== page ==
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I am finalizing an Orrery that used Arduino to move planets into their respective orbital position based on the year and month from a users input. I am looking for a table or database that has the location of each planet as represented in a concentric plane. For example January 2018, Earth was 9.81° from 0 (arbitrary I know, got to start somewhere).

Planet Angle

Orrery nearing completion

Right now I am using an extremely crude formula to calculate the planets location angle based on the orbital period and a fixed date (Jan 2018). Of course this will result in gross errors when extrapolating out to dates more than a few years forward or backwards (orbits are elliptical). What I would like to do, is have a table with each planets location based on January of their respective year. I will program the system to lookup the value for each planet and move them to their respective position. Now I imagine the mathematics for producing this is WELL outside of my expertise and mathematical prowess.

Orrery in motion

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The concept you're looking for is that of an ephemeris: from Wikipedia,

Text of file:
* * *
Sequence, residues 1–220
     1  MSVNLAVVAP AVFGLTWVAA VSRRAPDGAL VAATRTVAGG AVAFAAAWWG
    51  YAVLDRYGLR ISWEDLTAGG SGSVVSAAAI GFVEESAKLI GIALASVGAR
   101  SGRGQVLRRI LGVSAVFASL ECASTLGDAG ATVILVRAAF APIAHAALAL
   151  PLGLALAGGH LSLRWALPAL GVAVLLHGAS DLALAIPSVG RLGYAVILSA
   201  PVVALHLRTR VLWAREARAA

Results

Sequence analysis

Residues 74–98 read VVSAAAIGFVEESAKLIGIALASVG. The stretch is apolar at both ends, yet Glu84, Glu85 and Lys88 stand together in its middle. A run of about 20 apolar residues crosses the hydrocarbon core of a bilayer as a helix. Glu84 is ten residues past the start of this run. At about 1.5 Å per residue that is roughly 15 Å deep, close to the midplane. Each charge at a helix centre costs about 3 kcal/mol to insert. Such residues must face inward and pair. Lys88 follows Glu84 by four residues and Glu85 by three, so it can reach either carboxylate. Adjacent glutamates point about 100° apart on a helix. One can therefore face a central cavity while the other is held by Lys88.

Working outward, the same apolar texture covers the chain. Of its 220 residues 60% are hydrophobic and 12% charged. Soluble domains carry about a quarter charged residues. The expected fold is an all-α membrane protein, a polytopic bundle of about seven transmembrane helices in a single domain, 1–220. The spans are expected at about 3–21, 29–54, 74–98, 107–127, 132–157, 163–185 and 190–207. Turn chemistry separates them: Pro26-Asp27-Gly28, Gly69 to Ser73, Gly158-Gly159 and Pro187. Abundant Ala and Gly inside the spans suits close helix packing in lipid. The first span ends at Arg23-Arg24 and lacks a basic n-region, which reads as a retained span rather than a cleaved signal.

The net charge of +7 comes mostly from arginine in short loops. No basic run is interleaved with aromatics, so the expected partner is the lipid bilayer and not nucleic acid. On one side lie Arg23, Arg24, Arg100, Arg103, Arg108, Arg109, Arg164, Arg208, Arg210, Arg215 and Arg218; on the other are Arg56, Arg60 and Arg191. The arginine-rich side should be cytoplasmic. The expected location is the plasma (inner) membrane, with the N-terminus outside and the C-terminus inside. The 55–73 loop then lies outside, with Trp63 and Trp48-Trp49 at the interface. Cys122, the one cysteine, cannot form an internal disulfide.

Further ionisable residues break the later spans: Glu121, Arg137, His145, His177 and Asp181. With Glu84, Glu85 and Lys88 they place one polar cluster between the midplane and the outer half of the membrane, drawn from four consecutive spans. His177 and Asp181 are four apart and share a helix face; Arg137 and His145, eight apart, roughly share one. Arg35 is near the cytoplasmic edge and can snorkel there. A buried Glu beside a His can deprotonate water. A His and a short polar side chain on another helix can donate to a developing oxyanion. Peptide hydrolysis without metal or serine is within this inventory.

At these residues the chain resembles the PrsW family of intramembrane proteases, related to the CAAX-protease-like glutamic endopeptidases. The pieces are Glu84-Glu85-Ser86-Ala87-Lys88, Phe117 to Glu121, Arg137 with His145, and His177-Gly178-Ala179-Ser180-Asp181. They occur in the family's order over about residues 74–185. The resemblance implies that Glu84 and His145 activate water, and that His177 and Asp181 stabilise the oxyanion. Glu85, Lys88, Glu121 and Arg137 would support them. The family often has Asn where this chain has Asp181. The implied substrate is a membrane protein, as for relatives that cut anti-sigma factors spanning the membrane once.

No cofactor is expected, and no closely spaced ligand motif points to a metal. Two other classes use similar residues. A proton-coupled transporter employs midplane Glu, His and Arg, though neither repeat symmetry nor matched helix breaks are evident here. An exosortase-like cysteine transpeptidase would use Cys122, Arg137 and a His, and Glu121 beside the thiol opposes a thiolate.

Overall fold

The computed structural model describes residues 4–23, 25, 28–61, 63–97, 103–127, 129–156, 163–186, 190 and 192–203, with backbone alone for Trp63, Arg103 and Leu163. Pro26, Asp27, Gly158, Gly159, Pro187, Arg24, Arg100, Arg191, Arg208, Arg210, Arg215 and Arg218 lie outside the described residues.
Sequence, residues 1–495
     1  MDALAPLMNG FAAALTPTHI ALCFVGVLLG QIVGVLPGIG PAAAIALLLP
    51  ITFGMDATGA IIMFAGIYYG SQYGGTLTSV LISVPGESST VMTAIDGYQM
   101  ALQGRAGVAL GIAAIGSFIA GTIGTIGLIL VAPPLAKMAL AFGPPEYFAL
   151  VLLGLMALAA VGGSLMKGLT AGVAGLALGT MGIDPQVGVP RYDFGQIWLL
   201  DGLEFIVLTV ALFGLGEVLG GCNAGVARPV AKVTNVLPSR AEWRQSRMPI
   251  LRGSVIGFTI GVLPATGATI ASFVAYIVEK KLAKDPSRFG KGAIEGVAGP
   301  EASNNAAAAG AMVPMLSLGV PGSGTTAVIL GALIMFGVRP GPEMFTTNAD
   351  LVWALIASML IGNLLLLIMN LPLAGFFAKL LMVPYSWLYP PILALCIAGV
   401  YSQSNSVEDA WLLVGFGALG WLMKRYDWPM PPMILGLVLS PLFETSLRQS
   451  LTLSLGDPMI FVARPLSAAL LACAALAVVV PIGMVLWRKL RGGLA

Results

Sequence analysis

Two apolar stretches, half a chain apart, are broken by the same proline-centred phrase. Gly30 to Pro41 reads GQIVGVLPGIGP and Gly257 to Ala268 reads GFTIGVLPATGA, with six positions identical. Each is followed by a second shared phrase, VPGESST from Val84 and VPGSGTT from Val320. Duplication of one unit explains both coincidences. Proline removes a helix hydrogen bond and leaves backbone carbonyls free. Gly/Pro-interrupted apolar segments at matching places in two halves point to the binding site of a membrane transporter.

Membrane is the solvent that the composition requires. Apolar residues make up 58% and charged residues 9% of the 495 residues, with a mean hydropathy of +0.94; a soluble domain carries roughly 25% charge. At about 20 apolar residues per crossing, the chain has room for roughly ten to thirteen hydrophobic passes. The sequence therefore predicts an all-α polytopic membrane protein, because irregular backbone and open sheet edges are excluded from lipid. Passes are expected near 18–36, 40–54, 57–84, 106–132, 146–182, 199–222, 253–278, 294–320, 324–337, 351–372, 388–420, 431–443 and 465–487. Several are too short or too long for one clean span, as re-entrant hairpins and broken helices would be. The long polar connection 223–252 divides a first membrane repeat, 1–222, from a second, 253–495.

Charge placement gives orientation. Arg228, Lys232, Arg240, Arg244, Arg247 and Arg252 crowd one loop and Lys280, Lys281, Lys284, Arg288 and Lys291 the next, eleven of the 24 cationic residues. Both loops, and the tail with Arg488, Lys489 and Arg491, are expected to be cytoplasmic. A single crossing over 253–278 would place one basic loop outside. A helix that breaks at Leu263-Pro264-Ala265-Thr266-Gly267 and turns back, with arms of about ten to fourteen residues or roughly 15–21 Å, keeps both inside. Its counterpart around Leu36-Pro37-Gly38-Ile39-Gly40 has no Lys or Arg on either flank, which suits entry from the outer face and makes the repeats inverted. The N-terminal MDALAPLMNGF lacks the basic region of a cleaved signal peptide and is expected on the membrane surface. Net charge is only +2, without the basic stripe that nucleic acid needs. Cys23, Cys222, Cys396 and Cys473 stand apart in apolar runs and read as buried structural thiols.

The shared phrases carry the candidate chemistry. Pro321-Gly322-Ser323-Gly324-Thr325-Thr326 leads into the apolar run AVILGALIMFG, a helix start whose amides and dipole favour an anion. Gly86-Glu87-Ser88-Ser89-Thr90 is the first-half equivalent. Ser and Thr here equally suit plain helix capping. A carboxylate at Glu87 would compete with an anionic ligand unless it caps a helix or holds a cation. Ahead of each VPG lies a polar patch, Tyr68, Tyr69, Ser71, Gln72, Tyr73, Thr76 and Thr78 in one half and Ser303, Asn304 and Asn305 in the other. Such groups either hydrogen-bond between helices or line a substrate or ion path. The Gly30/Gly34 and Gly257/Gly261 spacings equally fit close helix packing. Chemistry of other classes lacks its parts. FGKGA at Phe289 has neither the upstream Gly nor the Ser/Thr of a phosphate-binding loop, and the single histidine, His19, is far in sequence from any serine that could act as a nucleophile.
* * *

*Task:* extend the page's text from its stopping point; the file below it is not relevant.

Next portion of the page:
an ephemeris (plural: ephemerides) gives the positions of naturally occurring astronomical objects as well as artificial satellites in the sky at a given time or times.

There are a large number of published ephemerides, and they're easy to find once you use that search term (and, particularly, if you look for heliocentric planetary ephemerides). If you're looking for a good place to start with, I understand the JPL Horizons system is a solid starting ground, and it seems to be sufficiently well documented.

To be honest, though, given the look of your device, I seriously doubt that using hard-coded year-by-year data will significantly increase its accuracy as compared to just hardcoded rotation rates. As you point out, planetary orbits are elliptical - but your device does not actually implement this from the look of it, and neither does it get the planetary orbital radii correct (which is a hard problem, because of the wide range of scales, but something I'd class as more important than the mild ellipticities and the various elliptical anomalies). But ultimately, it's your project, and it's your opinions on what's important that count.

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  • $\begingroup$ Thank you very much. Knowing the correct search term is more than half the battle! I know that accuracy is out the window with this type of device, its a very basic machine that is obviously not more than a desktop trinket. I will dig into the data available for ephemeris that pertains to my project. Thank you again. $\endgroup$ – Bryan Lord Aug 29 '18 at 14:25

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